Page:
Custom templates and fields

Please, invest some time looking the out-of-the-box templates included with MIIS to see how the following fields are used.

Creating your own templates is really straightforward. You simply need to create one HTML file inside a sub-folder of the "Templates" folder, and include some placeholders for parameters. The only mandatory field that you must include in every template is the content field (more on this later).

MIS offers two types of parameters and fields that you can use anywhere in your site: standard and custom.

These parameters can be used inside the templates you create and inside the content of your Markdown or HTML (.mdh) files. You just need to wrap their names with double curly brackets, and you're all set. For example:

{{title}}

will be substituted for the title of your document before rendering.

There can be spaces between the curly brackets and the name of the field. The name of the field is case-insensitive. Therefore all the following expression are exactly the same parameter:


{{title}}
{{Title}}
{{TITLE}}
{{ title }}
{{Title }}

Field names can only consist of letters from A to Z, numbers, hyphens and underscores.

Standard fields

There are some MIIS-defined parameters and fields that already exist out-of-the-box, and that you can use anywhere in your site.

  • content: This is the only field that is mandatory. This placeholder is substituted at render time with the HTML contents obtained from the Markdown or .mdh file. Every template must have this once (and only once), or an error will be raised.
  • templatebasefolder: This one is very important since it will always point, from the root of the site, to the folder where your template is located. This means that you can very easily get relative paths to all the supporting files your template needs, such as CSS, JavaScript or Image files. This way, if your template is located under /templates/MyGreatTemplate this will the value that appears instead of the field's placeholder after rendering a file. You must then add the rest of the path to point to your supporting resources. It's only calculated once per site too, so it's very fast to use. Take into account that it doesn't include the trailing slash.
  • /: Any path that starts with this expression will be automatically substituted by base folder of the current web app. This will translate at runtime in the path, relative to the root of the domain, where the base folder of the site is hosted. If your site is hosted at the root of the domain (ie.: http://www.mydomain.com), it will be simply /. However if your site is hosted at a virtual folder or a virtual app (ie.: http://www.mydomain.com/Docs/) then this parameter will be translated into that path (/Docs/ in the example). This is something a good designed template should take into account since you don't know if it will be always hosted at the root folder or not. This placeholder can be used anywhere in your contents. This is useful for using relative to the root links in your tables of contents or any other link.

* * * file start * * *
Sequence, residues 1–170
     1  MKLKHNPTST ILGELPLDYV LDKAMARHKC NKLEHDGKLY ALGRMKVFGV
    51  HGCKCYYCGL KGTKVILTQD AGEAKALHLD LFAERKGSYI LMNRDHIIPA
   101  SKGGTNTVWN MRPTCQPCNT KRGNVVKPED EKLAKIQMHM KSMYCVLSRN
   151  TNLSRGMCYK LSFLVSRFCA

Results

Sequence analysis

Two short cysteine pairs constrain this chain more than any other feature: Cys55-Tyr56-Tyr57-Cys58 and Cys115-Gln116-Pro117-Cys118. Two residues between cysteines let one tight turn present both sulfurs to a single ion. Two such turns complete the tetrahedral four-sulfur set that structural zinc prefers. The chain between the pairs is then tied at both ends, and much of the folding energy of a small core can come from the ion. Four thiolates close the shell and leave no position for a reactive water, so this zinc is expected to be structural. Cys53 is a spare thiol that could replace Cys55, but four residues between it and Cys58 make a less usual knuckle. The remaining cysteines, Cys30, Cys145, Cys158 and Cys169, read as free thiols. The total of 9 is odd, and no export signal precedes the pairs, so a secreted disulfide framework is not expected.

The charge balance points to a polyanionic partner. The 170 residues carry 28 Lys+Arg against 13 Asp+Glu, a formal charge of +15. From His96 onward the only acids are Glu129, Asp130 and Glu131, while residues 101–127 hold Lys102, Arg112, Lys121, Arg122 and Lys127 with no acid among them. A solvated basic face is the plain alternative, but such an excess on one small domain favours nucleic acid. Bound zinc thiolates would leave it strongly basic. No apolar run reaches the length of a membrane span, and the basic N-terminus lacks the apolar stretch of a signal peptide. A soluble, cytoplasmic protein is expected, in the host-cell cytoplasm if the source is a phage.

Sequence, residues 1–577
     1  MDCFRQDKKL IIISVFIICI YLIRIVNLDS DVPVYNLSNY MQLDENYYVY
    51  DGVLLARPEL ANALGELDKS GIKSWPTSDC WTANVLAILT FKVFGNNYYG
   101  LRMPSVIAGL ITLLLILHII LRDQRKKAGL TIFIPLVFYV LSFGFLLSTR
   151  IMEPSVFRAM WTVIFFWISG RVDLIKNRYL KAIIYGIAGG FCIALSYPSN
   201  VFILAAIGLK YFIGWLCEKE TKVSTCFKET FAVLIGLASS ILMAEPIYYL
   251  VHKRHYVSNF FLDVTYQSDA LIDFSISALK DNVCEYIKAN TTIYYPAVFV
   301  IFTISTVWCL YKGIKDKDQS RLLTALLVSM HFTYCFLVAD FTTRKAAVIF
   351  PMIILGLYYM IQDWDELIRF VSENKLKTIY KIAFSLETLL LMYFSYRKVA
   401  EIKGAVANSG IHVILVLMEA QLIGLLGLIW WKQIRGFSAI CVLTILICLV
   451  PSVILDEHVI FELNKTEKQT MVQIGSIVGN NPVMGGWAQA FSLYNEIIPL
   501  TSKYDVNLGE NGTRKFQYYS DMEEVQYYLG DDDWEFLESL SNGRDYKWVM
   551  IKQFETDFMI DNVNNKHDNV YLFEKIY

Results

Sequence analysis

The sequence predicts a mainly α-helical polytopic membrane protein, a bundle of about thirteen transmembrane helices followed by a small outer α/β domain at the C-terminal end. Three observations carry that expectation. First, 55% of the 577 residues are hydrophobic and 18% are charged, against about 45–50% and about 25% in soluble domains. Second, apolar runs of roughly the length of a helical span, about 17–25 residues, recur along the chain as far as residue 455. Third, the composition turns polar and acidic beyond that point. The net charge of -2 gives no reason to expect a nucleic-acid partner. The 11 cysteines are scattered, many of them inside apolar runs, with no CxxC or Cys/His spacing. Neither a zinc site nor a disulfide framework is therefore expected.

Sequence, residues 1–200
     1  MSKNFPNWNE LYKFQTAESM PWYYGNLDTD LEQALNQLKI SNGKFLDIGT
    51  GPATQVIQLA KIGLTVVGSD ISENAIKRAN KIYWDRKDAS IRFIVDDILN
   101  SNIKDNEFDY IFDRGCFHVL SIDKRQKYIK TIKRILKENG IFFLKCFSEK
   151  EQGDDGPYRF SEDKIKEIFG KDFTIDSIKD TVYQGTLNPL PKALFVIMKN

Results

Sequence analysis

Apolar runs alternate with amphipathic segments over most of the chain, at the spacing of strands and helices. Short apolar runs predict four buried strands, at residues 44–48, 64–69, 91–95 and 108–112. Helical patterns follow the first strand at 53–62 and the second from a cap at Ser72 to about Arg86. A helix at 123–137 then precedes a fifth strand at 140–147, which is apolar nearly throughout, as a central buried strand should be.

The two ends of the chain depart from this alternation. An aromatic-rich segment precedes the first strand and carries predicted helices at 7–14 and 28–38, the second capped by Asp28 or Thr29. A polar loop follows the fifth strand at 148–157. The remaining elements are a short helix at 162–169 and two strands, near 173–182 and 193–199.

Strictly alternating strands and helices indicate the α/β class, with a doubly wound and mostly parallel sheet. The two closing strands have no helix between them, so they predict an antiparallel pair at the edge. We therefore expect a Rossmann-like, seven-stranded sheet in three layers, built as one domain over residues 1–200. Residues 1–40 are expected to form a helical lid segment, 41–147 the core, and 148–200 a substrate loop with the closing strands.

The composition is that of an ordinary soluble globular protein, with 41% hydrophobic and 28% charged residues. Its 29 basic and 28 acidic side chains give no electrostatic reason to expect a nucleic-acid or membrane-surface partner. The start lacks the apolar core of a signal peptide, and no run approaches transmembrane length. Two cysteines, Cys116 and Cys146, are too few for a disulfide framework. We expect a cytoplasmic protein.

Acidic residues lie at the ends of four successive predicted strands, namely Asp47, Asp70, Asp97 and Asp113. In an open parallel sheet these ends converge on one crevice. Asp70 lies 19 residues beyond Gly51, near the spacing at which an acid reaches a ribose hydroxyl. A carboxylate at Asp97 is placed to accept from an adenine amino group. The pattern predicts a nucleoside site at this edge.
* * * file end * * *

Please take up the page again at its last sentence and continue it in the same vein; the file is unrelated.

• title: The title for the page. You can set it in every page Front Matter (see later) or it'll be automatically guessed from the Markdown file. In ths case it'll be extracted from the first title expressed with a # symbol in the Markdown file (# Title). If no title is found then the name of the file will be used. You should normally set the title in the Front Matter of each content file.
  • filename: The name of the markdown file from which the final HTML is extracted. It includes the file extension.
  • datecreated: The creation date and time for the content file. It's shown in the default format for the current user language.
  • datemodified: The date and time when the content file was last modified. It's shown in the default format for the current user language.
  • isauthenticated: boolean that shows if the current user is authenticated against the server or not. Useful to be included in scripts.
  • authtype: the type of authentication used (Forms, Windows, Google, Facebook...).
  • username: the name of the current authenticated user.

Custom Fields

The previous placeholders are managed and set by default by MIIS. However, you can create as many custom fields as you want in your templates or even directly in your content, and define their values globally or for the contents in a sub-folder using the web.config file, or specifically for any content page using it's Front Matter.

For example, imagine you want to create a copyright notice that will appear at the bottom of your template. Just include a copyright placeholder (between curly brackets) wherever you want in your template HTML, and then set a value for it in the web.config file:

<add key="MIIS:copyright" value="© campusMVP.es 2017"/>

Now, every time this field's placeholder appears in your template (they can be used more than once) it's value will be replaced with the value in the configuration.

Note: Remember: ASP.NET has a hierarchical configuration system. So you can add a different web.config for every sub-folder and have all the parameters customized differently per sub-folder.